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19 November 2015

Effortless Applesauce

I’m biased, but who’s going to know how to make applesauce better? Mott’s, or someone who’s got her own apple tree? Plus, at Thanksgiving, it quiets the large crowds of grandkids.

Bird Haven Farm Applesauce

Makes about 3 cups
Takes about 15 minutes active time, 45 in total

An applesauce recipe that converts even the most reluctant applesauce eater. It tastes like the filling of grandma’s apple pie. But healthy. Easy to make. Honestly effortless. For the most interesting taste, use a variety of apples*, if available. If not, use what you can get!

3 pounds apples, peeled and cored (about 8-10, depending on size)
1 cup water or fresh cider for a richer flavor
1/3 -1/2 cup sugar, honey or stevia**
2 Tablespoons fresh lemon juice
½ teaspoon ground cinnamon
½ teaspoon ground nutmeg
¼ teaspoon ground cloves
pinch of lemon rind after finished cooking

Peel and core apples and cut into quarters. In a large heavy saucepan over low heat, add the apples, then pour the liquid over them. The fresh cider will give the apples a richer flavor than the water. Add remaining ingredients except lemon rind. Bring to a gentle boil, stirring occasionally with a wooden spoon. Reduce the heat, cover and simmer for about 20-25 minutes until the apples are very tender. They should fall apart easily. Uncover once they are tender, and simmer until almost all the liquid has evaporated, about another 10 minutes. Add lemon rind. Mash with a potato masher or fork until coarse and chunky. Or, if you want no texture, puree in a food processor or blender.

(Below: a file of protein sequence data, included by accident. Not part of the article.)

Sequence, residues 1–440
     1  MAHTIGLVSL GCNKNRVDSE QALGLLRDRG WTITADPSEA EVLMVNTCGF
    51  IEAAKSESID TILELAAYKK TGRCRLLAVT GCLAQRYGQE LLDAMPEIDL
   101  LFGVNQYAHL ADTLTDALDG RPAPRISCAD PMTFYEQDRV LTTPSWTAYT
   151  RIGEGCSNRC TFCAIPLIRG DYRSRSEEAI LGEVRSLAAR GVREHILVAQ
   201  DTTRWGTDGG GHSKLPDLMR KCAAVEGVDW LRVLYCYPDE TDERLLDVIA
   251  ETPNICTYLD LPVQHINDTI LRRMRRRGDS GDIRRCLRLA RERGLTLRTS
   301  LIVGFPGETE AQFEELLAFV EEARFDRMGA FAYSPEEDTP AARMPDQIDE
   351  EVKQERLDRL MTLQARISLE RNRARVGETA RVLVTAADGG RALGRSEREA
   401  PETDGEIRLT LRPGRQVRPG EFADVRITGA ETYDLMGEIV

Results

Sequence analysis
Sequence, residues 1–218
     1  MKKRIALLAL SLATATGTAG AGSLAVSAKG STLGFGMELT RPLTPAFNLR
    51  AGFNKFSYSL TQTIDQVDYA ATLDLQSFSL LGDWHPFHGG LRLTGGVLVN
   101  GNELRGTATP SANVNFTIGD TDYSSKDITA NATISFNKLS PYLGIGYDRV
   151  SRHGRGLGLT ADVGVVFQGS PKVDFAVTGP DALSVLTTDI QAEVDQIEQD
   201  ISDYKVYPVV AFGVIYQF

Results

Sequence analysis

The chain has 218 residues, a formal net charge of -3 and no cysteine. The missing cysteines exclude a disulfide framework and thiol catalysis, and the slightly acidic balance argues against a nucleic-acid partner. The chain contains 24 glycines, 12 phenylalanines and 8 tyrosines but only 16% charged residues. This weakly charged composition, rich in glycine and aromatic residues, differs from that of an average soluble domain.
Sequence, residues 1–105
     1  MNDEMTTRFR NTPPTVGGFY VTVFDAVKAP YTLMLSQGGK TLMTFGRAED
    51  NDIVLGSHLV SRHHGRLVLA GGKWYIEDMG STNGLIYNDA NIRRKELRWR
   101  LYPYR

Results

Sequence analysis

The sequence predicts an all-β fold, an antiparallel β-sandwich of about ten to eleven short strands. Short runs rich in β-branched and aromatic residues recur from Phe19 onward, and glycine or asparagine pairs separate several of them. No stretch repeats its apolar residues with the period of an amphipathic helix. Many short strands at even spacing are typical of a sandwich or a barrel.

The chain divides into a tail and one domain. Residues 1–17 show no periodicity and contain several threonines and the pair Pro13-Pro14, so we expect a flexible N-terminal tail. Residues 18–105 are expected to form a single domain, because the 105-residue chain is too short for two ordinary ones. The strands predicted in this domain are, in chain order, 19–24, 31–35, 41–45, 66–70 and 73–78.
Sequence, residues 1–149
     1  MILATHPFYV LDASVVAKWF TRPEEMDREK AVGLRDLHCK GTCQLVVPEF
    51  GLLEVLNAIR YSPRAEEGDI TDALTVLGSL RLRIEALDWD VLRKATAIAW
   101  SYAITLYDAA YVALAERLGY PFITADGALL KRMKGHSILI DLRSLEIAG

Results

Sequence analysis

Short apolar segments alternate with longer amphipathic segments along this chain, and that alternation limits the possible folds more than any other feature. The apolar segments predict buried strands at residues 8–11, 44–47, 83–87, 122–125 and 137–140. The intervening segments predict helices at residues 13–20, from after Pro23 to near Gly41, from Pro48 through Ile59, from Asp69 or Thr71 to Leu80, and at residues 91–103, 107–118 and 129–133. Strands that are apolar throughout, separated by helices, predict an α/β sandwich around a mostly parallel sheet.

The applesauce can be stored in the refrigerator for many days. I freeze batches and treat myself throughout winter, when I want a dessert that is not overly sweet.

*A note on apples. Which varieties of apples should you use in applesauce? You should choose apples that are sweet, like Gala, Cameo, or Fuji. If you go for something like a Granny, you’re going to get a sour applesauce. Epicurious created a visual guide to apples you might see.

**A note on sweeteners. If you’re trying to decide which to use: Both the honey and stevia are less sweet and let the apples shine. With stevia, the sauce has a more caramel-like flavor.